The plaintiff rested.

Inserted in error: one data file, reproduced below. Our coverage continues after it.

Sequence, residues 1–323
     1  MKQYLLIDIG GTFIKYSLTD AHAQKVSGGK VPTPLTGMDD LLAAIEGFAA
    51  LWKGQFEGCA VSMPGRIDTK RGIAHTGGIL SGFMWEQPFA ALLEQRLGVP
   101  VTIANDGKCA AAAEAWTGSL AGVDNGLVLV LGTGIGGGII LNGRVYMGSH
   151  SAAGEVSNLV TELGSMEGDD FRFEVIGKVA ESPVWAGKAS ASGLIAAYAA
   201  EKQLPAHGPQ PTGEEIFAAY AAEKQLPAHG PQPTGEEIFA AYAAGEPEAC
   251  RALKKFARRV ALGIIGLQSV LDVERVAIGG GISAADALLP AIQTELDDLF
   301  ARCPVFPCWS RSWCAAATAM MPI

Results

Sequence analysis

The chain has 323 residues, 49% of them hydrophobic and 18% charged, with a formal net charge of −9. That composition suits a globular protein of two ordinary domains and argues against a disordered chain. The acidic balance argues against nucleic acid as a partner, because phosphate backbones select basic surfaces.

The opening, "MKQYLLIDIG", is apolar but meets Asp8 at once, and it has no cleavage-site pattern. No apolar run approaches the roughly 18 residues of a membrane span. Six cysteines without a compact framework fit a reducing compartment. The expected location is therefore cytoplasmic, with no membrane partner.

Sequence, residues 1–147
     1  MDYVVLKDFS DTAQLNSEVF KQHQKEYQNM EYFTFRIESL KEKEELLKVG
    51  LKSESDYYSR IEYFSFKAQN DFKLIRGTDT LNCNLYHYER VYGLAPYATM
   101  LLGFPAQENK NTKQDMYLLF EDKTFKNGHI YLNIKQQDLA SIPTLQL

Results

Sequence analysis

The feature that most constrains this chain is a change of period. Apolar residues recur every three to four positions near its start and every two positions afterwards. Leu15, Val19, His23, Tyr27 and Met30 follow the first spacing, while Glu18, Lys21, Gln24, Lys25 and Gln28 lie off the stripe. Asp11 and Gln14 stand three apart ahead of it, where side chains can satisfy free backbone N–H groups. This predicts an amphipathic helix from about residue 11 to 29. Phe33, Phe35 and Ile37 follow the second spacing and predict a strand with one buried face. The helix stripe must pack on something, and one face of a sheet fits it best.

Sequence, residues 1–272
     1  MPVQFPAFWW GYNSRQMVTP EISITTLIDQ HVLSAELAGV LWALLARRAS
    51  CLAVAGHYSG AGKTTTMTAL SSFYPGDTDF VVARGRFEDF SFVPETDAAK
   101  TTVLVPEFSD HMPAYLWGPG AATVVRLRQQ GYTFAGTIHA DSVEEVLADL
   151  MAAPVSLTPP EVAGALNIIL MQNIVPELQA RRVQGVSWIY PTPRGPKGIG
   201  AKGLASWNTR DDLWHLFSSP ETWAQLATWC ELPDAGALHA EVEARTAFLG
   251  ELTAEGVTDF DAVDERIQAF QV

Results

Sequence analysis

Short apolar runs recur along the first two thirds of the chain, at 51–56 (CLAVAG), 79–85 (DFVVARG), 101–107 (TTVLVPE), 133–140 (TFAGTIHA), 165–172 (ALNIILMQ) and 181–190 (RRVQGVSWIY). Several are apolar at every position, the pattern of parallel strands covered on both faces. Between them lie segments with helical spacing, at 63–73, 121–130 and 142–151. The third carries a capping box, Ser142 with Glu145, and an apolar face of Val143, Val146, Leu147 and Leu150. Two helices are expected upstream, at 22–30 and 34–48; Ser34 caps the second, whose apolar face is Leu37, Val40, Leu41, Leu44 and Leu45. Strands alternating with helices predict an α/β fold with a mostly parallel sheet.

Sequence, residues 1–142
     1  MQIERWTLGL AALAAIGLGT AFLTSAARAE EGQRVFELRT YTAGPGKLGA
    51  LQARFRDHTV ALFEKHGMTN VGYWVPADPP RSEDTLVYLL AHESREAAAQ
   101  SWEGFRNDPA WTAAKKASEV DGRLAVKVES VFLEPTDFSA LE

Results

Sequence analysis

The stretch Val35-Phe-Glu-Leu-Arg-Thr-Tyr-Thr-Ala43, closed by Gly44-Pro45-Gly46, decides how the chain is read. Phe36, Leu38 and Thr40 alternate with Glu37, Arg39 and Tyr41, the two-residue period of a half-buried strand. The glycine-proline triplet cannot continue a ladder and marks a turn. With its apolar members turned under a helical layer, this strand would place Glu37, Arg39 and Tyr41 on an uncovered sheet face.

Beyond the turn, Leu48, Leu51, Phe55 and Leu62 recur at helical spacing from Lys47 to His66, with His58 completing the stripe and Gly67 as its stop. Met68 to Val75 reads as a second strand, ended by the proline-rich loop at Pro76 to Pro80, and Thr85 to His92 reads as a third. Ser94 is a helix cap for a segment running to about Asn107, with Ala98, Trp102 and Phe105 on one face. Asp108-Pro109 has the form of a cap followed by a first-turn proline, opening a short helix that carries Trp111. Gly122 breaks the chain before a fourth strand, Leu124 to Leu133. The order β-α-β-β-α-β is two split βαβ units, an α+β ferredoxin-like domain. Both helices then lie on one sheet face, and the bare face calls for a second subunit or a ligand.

Lee Crow testified on direct examination: As to going out to Aunt Mary Pitman's, Col. Frank B. Stow called me and asked me, would I go and notarize some papers for him and I told him, "Yes, I reckon so." Mrs. Myrtle Moore, I believe Frank married her since then, was driving the car, and they carried me out there to a colored woman's house, Pitman, I believe her name was. I notarized the papers and he gave her some money. I understand Mrs. Myrtle Moore married the defendant not long ago. We went in his automobile; when we got there, Colonel read a land deed to the woman, she couldn't sign her name, she just had to hold the pen, and I notarized the papers; that is all I heard said, and I come on back to the automobile then and left Col. Stow and the lady there, I don't know her condition; she was sitting up in bed; I left the room because of the odor, soon after the deed was read and signed and witnessed; she held the pen and signed it by a mark; then Mrs. Moore signed and I signed as a notary public, State at large. At that time Mr. Stow gave her some currency, but I don't know how much; I don't know what happened to the money; when I left, Frank gave her the money; she took the money and looked like she might have put it under the pillow. He read the deed over to her before she signed it. On cross-examination: I don't remember having a conversation with Mr. Hammond Johnson February 12 or 13, in front of my pool room; I don't remember him asking me if I witnessed the deed, and that I said, "I did witness it;" I don't remember him asking me where Aunt Mary was when she signed it; he did say something to me about selling the property, I don't know what it was; I did not tell Mr. Johnson she signed the deed in Mr. Stow's office. As far as I remember that didn't happen, nothing like that happened at all. We went out to Aunt Mary's house and stopped the car right there in front of her house; I sat in the back seat; I presume it was Mr. Stow's car; Mrs. Myrtle Moore was driving it; I don't remember the date, nor the day of the week or month; I don't remember whether it was in the afternoon or morning, because I go out on a lot of other cases; folks come and carry me and bring me back, and I don't remember whether it was morning or afternoon.